• 11.

    Discourse on the Modernization of Tradition and the Creation of National Subjectivity - Park Jong-hong’s Post-colonial Strategy and Colonized (Un)consciousness -

    Sangrok Lee | 2014, (116) | pp.435~478 | number of Cited : 8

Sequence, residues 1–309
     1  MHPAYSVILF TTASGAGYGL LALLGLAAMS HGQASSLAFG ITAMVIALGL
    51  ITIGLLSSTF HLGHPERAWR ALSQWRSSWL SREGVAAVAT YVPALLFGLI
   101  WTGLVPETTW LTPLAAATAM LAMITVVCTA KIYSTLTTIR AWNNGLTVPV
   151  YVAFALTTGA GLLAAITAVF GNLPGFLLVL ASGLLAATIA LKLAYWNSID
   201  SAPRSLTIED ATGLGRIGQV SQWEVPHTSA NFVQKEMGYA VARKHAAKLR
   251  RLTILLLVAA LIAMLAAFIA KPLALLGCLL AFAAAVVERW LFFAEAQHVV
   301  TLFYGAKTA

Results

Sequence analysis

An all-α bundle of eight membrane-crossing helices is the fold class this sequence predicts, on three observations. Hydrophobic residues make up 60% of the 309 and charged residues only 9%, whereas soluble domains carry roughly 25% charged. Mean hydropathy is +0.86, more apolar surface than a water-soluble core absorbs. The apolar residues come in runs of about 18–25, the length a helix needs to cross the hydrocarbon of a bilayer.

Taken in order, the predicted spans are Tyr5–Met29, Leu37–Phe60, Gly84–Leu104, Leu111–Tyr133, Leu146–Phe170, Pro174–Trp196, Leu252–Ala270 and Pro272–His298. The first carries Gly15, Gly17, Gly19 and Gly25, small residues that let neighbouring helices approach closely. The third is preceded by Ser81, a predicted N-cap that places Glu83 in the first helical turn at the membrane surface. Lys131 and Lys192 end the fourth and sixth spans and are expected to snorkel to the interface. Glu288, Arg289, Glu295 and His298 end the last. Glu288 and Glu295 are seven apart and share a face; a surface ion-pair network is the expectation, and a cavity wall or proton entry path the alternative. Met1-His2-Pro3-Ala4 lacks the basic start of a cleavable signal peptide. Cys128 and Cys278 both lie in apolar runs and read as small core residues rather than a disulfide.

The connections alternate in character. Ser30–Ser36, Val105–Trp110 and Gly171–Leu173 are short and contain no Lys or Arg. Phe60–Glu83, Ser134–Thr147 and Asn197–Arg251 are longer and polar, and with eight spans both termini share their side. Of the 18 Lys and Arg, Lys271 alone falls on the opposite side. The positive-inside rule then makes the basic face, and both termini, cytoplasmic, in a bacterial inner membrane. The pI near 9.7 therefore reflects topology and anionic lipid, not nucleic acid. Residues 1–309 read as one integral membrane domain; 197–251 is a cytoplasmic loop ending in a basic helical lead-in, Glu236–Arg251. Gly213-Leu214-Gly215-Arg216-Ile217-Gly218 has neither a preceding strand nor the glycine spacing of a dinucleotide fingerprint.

Park Jong-hong was one of philosophical thinking to configure ‘the National’ was made in the process of imitation and transformation of the Japanese intellectuals during Colonial Era. He was able to do through the ‘awareness’ concept of a representative character, Nishida Kitaro of Kyoto School deploy philosophical thinking about ‘national subjects’. He encountered with Heidegger through Miki Kiyoshi. Park Jong-hong had paid much attention to the philosophical thinking ‘crisis of modernity’ that after discussing the impact of the Kyoto School. However, Chong-hong Pak had a self-conscious as a ‘backward people’ in the post-colonial Korea as it was not able to accept western criticism of modern philosophy. His philosophical topic since the 1950s, was not a ‘modern criticism’, was the ‘modern achievements’. Park Jong-hong had argued that could lead to new ideas to overcome the crisis of the modernity to accommodate modern technological civilization of the West based on Korean traditions. He was considered more important than what is out in the ‘backward countries’ status in order not to be a “Loser of the day”. He highlighted were the ‘tradition’, then it was not just the past, the tradition itself. It was a kind of clue to find the resources in the affirmative, which can overcome the ‘backwardness’. Park Jong-hong sought the resources needed to overcome the backwardness and modernization march in the tradition. He was connected to the Confucian tradition of the Joseon Dynasty and the National ethical practice of the awareness and integrity. He highlighted were the ‘national subjectivity’ since the 1960s, which was coupled with the need of rulership for configuring actively embark on industrial subjects have the will and commitment. After the WWⅡ the Kyoto School philosophers of Japan have enacted the <Expected Japanese> to construct a ‘new national subject’, Park Jong-hong had a strong influence on the Kyoto school shortly thereafter was based on the <National Education Charter> to raising ‘national subject’ in Korea. After December 1970 the President appointed a special adviser he produced an ideology advocating the authoritarian leadership and commitment of the President in 1972 after the establishment of the Yushin(Revitalizing Reforms) Constitution.